So the fact that Gallardo has truly struggled against 4 of the Cardinals regular batsmen whereas Carpenter has truly struggled against only 2 of the Brewers regular batsmen probably means trouble for the Crew in Game 3.

For the Brewers to win tomorrow’s game, two things have to happen. Rickie Weeks must show up big tomorrow — I mean he must produce multiple bases — and Gallardo must avoid walks, get strikeouts, and make Pujols and the other Cardinals put the ball in the field of play by pounding the bottom edges of the strike zone and BURYING his curve ball.  Pujols, Holliday, and the gang of red will feast on anything upstairs or over the plate.  We found that out last night.  But you can get them out with gas.  Use it!

In fact, that’s good advice for every Brewer starter.  The starting Brewer pitchers, with the exception of Gallardo, have horrible Cricket Averages this postseason, and there is one reason why — the gopher ball.  The starters have been getting the ball up far too often, and the good batsmen they are seeing in the postseason are denting those mistake pitches.

Keep the ball down in the zone, lay off the soft stuff unless its in the dirt, and throw more sliders away to righthanders, and maybe the Brewer starting staff can change their fortunes.

Quick Commentary on the struggles of Marcum

Brewer starter Shaun Marcum, the team’s most successful starting pitcher in the regular season, has been their second worst pitcher in the postseason.  Why?  I have a theory.

First of all, if you look at the “batted ball” stats, Marcum relied a lot on the Brewers outstanding outfield defense to get flyball outs.  But that’s playing with fire.  Sometimes flyballs leave the field of play and become home runs, especially against strong lineups.  And that is what is happening this postseason.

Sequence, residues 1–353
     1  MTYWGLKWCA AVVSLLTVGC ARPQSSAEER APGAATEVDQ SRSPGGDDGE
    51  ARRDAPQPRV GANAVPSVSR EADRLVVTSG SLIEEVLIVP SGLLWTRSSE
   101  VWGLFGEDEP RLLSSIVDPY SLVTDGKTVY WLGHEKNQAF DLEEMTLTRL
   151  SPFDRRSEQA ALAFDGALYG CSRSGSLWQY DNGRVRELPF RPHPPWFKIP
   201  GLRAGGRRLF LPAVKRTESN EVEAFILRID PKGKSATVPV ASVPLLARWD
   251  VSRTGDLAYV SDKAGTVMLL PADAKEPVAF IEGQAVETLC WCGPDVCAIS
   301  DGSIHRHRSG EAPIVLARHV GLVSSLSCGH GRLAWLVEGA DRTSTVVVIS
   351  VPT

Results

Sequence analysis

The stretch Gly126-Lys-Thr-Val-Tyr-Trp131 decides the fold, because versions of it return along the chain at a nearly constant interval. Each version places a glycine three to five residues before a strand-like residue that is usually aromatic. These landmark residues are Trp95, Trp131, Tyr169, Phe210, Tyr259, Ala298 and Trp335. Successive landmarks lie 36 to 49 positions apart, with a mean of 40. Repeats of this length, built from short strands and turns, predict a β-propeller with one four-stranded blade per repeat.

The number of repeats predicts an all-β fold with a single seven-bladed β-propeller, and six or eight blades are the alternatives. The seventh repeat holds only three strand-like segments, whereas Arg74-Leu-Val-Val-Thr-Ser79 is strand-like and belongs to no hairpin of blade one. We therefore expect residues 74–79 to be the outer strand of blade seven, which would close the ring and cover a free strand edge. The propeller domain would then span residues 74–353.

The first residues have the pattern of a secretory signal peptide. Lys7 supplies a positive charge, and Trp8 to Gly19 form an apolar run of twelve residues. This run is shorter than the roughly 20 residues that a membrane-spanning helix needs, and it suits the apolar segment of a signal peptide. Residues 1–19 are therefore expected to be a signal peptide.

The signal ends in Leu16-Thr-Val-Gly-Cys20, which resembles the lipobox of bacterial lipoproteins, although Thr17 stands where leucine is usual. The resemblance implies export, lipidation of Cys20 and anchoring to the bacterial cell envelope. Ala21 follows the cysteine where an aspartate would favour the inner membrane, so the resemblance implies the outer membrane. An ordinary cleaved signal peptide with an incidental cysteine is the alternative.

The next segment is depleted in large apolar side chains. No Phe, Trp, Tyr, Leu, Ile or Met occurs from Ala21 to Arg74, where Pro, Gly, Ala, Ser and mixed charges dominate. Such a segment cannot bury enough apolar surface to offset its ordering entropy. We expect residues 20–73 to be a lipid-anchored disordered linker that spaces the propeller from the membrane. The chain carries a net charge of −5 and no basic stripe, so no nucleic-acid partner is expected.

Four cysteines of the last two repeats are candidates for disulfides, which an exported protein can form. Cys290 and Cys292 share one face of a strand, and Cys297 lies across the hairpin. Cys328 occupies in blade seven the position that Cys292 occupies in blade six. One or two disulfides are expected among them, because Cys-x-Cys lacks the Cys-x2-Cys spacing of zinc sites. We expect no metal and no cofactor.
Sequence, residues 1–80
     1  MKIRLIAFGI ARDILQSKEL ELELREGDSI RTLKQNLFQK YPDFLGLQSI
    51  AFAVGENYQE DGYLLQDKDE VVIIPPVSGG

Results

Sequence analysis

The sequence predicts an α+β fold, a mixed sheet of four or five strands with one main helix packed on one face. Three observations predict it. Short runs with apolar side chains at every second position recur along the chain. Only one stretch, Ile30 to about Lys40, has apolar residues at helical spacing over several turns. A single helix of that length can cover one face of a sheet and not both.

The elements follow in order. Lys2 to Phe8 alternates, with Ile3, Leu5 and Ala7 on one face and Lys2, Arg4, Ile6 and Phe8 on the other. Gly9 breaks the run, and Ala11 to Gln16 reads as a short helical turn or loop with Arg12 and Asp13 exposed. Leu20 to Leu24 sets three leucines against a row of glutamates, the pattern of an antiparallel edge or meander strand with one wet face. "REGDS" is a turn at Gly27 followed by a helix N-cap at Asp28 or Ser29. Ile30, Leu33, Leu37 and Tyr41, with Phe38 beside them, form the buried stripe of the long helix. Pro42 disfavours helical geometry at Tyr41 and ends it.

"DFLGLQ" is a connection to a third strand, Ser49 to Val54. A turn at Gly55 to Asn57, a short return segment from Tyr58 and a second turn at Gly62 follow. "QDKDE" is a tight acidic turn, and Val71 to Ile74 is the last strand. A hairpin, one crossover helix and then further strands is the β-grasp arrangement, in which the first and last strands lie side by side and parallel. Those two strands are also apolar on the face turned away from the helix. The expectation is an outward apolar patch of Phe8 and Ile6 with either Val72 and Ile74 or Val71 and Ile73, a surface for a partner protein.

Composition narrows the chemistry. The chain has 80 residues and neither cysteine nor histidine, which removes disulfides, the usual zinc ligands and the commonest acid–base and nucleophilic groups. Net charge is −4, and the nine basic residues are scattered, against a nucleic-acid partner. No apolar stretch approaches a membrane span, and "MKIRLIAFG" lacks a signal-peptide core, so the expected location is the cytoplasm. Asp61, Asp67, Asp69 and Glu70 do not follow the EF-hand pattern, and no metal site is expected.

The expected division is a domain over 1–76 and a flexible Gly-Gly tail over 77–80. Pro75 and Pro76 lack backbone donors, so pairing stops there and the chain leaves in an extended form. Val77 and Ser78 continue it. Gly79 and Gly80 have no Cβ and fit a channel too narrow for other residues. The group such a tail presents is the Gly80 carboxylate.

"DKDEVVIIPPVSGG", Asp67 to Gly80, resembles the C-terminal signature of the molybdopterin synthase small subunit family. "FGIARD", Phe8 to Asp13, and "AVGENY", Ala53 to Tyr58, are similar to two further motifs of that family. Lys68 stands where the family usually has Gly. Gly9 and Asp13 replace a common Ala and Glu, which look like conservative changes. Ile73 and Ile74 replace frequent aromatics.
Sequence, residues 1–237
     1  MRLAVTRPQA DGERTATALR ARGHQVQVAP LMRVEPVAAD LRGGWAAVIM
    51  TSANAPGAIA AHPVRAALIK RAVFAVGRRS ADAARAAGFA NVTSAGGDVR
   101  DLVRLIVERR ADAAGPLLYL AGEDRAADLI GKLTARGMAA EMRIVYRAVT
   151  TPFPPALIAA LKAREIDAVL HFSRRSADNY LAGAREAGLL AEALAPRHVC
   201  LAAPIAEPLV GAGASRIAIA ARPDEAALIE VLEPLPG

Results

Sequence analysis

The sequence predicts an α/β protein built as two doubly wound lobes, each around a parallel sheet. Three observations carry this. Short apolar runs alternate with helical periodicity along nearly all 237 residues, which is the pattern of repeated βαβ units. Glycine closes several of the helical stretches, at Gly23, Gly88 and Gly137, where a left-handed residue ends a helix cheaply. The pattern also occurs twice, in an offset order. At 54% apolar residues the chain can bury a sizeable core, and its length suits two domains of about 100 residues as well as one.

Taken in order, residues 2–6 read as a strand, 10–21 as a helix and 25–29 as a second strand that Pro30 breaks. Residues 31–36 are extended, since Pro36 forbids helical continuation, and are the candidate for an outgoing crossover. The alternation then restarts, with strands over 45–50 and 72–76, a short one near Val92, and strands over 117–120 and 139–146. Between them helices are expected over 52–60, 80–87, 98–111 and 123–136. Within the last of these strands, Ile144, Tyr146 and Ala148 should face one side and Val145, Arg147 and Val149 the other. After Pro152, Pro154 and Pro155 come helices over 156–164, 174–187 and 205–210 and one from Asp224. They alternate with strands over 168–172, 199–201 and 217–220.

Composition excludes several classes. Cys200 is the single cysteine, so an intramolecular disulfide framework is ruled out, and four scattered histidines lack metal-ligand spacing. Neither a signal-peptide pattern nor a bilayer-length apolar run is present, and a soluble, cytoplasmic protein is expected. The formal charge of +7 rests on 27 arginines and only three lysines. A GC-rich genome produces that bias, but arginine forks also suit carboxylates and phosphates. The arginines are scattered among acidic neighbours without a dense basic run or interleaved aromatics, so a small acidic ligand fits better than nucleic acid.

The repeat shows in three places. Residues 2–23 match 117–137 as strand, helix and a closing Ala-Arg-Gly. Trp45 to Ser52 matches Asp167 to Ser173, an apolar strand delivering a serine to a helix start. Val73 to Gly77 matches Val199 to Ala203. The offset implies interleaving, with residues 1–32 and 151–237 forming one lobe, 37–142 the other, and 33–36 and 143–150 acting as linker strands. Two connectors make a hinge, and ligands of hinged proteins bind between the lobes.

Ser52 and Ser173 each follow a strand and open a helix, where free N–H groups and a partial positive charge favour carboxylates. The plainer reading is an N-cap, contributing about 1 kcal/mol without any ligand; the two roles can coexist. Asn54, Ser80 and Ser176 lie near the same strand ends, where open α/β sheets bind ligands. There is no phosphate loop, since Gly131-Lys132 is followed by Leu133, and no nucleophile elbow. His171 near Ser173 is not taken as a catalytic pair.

The other problem is Marcum’s style.  Marcum is a soft tosser who has always been defense dependent (his career Pitcher Cricket Average is 1.076).   But even so, his postseason numbers are hideous.  His Pitcher Cricket Average is 3.001.  That will never get it done.  And he is not alone among Brewer starters.  Look at the chart below, which features each Brewer pitchers “Pitcher Cricket Average” this postseason.

  Pitcher CA
Saito 0.001
Estrada 0.001
Axford 0.285
Rodriquez 0.666
Gallardo 0.785
Grienke 1.384
Narveson 1.625
Marcum  3.001
Wolf 5.501
PostSeason 1.089
Season Avg 0.844

The main reason for the Brewer improvement this season was Braun, Fielder, and the improved Pitcher Cricket Average of the team’s pitching staff.  Last season it was well above 1 pitcher base yielded by the staff for every strikeout recorded.  This regular season it was been an above average 0.844 pitcher bases per strikeout.  That made a huge difference.  But that difference has disappeared in the postseason.  The main reason is Marcum, but others are also to blame.

Here’s my eyeball assessment of why he and others on the staff have struggled.  The ones who have struggled, by and large, are the “softtossers” — the finesse pitchers.  In order for them to be successful, the umpires must call pitches on the edges of the plate strikes.  Thus far, the postseason umpires are unwilling to consistently call that pitch a strike, and as a result Marcum and the other softtossers on the staff have had to work closer to the middle of the plate.  That is poison for them.  Often times it has looked as though Marcum and the other softies are throwing batting practice to the opposition. 

If you look at the chart above, the Brewer pitchers who have been doing well in the postseason — with one exception — are the team’s hard throwers — meaning the bullpen pitchers and Yovani Gallardo.  Those pitchers can get the ball by the hitters without having to nibble on the corners. 

The one exception to that rule has been Zack Grienke, who is a hardthrower. But if you notice he is getting his strikeouts, its the homeruns that are killing him.  And he is giving those up, a lot of the time, using that loopy slow curveball of his.  He should get rid of that pitch unless he is ahead in the count, and then he should only throw the pitch in the dirt — never in the zone!! The hitters he is facing in the playoffs are just too good to miss that kind of crap.